Concerts a-plenty!

It’s the end of our Summer season, so we’re right in the middle of a busy week of concerts. We sang at St Mary’s Church in Arnold on Saturday, in a concert organised by the Nottingham Soroptimists to raise funds for Nottingham’s Women’s Centre. This was a great success, and we helped them raise £720 for the cause. The audience feedback has been tremendous, and we’ve definitely got some new converts!

Monday was our end of season concert in Wakefield, and we had a brilliant evening. The singing was really strong, and it was great to see everyone throwing themselves into the spirit of it and having such fun. We had some lovely comments from audience members afterwards, and we can’t wait to come back and entertain them all again next season, when we’re back at Wakefield Cathedral.

We were in Nottingham again on Tuesday, this time for our end of season concert there. The heat seemed to have ramped up an extra level, and we were all melting before we even began, but it didn’t dampen anyone’s enthusiasm (even if it did dampen our brows!). Again we had a great concert, with powerful singing, lots of emotion and huge fun being had. It was lovely to see a number of singers in the audience too, coming to support their fellow BeVoxers.

There was an incident during Tuesday’s show that somewhat marred the evening though, and I feel it’s important for me to comment on it and make Toni’s and my position crystal clear. There were several small children at the concert, sons or daughters of singers who had been brought by their parents. As you would expect, these small children made a small amount of noise – nothing too distracting, and no more than you would expect. During the concert, an audience member turned to the mother of one of these children and told her to keep her child quiet, and that she shouldn’t have brought a small child to a concert. I’ve been told that she was fairly rude about it, and the mother of the child in question was really upset – so much so that she had to leave for a while to recompose herself. When she was able to return to the auditorium, after a while she challenged the woman who had spoken to her and told her how much she’d upset her. The woman reacted badly and upset the mother again. Unfortunately, both Toni and I were unaware of this at the time. We’re really grateful to the other audience members who offered their support to the mother of the child, and to those who came and spoke to us about the incident after the concert.

We’d like to make two things very clear indeed. Firstly, we are a family-friendly organisation, open for anyone to come to our concerts. We love having children at our concerts, and they add something really special – it was great to see kids dancing in the aisles at the end of the concerts, and even coming up and joining in with the choir. We are primarily a community, and this is actually more important to us than the singing. If this isn’t the kind of event that you want to be in the audience for, then our concerts aren’t for you.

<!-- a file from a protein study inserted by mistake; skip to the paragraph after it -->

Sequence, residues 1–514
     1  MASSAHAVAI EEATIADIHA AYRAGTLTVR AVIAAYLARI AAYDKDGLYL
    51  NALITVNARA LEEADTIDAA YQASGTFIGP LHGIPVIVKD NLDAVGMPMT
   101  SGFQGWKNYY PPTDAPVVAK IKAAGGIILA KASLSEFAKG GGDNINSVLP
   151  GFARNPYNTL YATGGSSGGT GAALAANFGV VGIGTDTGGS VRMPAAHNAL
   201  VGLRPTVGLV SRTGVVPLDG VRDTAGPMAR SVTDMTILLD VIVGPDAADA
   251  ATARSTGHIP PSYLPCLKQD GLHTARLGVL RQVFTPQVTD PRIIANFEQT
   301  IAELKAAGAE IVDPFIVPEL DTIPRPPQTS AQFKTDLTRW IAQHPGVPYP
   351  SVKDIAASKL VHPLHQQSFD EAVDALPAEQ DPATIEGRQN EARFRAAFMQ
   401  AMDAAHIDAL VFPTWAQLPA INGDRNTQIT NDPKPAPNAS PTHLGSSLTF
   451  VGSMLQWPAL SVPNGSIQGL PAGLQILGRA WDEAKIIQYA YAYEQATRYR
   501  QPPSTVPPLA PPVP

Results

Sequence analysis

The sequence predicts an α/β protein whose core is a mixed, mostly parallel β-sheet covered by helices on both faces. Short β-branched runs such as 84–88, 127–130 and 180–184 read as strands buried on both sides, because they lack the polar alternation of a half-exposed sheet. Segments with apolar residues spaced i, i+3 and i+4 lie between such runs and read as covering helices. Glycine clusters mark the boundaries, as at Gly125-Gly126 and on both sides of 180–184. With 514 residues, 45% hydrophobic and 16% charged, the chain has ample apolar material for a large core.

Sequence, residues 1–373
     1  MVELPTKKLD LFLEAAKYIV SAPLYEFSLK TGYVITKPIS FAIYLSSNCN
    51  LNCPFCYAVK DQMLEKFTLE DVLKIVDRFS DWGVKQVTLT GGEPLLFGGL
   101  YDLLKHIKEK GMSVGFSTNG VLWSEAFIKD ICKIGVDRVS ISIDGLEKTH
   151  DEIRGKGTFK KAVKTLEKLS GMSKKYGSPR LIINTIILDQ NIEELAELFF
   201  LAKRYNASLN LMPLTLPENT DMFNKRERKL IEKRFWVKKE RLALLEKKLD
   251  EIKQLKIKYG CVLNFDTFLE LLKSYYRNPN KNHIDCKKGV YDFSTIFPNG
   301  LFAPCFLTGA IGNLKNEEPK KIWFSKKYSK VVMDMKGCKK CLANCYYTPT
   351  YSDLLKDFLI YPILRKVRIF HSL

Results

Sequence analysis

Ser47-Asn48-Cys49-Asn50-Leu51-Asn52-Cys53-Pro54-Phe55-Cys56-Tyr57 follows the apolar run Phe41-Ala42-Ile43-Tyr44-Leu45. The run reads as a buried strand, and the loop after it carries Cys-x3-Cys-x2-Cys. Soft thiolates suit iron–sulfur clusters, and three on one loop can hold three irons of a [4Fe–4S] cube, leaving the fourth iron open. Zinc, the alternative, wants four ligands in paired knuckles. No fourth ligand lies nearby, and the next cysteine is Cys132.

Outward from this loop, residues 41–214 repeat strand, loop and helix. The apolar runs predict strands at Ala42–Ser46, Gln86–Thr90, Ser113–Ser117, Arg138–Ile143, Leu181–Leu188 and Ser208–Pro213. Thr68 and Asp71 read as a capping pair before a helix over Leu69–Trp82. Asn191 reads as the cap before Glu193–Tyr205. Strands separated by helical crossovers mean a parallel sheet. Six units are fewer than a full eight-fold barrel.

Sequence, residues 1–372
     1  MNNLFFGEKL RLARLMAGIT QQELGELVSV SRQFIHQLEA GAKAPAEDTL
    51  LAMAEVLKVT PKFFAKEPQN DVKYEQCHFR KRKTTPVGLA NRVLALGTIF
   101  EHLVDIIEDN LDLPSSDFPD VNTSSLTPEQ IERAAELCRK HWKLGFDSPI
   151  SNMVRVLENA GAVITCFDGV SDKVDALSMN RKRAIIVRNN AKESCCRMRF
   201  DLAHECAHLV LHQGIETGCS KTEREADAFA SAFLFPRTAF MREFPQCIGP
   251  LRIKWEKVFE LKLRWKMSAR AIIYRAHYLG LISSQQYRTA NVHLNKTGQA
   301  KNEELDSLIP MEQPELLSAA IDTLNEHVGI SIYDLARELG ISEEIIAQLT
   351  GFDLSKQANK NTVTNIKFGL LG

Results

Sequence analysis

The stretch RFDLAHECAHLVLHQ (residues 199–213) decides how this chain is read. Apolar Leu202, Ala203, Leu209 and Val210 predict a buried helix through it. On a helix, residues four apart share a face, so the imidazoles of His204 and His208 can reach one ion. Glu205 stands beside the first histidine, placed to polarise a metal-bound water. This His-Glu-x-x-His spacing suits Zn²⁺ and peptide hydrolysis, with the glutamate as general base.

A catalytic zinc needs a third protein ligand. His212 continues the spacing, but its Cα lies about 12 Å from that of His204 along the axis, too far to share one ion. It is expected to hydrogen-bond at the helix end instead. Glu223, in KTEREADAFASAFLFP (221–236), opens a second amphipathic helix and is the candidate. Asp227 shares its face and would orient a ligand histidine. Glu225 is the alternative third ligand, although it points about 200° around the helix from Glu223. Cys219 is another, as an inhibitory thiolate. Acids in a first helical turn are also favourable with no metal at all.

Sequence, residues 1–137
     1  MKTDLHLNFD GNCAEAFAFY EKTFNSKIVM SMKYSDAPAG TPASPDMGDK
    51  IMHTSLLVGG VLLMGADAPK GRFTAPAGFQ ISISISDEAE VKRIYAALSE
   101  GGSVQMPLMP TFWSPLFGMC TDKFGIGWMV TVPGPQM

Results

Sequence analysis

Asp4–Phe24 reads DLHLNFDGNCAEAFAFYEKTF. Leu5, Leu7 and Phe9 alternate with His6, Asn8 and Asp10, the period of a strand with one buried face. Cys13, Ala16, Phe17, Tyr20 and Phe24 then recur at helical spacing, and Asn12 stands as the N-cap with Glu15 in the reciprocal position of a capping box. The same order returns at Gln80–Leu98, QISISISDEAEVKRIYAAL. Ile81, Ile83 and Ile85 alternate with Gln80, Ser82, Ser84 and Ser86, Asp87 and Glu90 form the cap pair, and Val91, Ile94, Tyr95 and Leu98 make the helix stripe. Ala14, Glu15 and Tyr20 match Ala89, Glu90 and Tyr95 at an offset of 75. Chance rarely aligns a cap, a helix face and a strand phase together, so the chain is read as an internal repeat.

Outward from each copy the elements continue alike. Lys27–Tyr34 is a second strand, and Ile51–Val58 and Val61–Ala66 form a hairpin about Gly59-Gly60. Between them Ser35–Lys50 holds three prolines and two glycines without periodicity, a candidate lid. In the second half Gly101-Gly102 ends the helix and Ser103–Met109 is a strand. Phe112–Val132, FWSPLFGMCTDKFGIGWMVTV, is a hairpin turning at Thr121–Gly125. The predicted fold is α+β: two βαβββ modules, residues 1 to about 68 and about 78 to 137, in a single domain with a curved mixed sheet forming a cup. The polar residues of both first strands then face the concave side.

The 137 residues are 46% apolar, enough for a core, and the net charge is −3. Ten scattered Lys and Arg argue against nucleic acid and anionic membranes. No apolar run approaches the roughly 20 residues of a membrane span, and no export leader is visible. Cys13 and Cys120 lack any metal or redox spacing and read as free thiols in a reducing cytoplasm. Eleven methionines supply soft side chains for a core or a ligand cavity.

Secondly, it is absolutely unacceptable for any member of our audience to make another member of our audience feel upset, unwelcome or threatened (just as it is for our singers too). This behaviour has no place in a caring, sharing community such as ours, and if we are made aware of it occurring, we won’t think twice about stopping the concert and ejecting the person responsible so that we can carry on in a positive atmosphere. If we knew who the audience member was who was responsible for the incident last night, we would be contacting them and making it clear that their behaviour will not be tolerated again, and if they are unable to restrain themselves from being rude to other audience members, they are not welcome at our events. As it is, all we can do is share our views with our singers and regular audience members, and make it very clear that if any member of our audience is ever made to feel uncomfortable by anyone else, it is absolutely fine to come and speak to Toni or me at any available opportunity, and we will address the problem as quickly and professionally as possible.

Onwards – we have a private event tonight, singing for a residential home, then it’s the Sheffield end of season concert on Thursday. We’re looking forward to this one, after the disappointment of missing last week’s session, so we can round the season off in style.

Great weekend of concerts

It’s been a big weekend, in so many ways. A big weekend of sport I know, with the World Cup, Wimbledon finals, the Tour de France and Silverstone all happening at the same time. It’s been a big weekend of concerts for BeVox too – one of my personal favourites events on Saturday, and a new departure for us on Sunday.

BeVox at Sooper Troopers
On stage ready to sing for the Sooper Troopers concert

This is the third year we’ve sung for Sooper Troopers, and it was as inspiring as ever. It’s a real privilege to share the stage with these talented, determined people, who don’t let their disabilities get in the way of thoroughly enjoying themselves! Next year is the 25th anniversary of the group, and we’re thrilled to have been invited to celebrate this milestone with them – we’re going to make next year’s concert even bigger and better.

BeVox at Clarence Park
Clarence Park, and all that jazz… (Photo credit: Ben O’Hara)

Sunday saw us take the the stage at the newly-refurbished bandstand in Wakefield’s Clarence Park. We had a really appreciative audience, and it was lovely to get out in the sunshine and sing! It’s great to share our music with people, and it was lovely to see people dancing along. Congratulations to our two soloists too – especially as we dropped them into the programme at virtually no notice! Thanks for stepping up to the plate.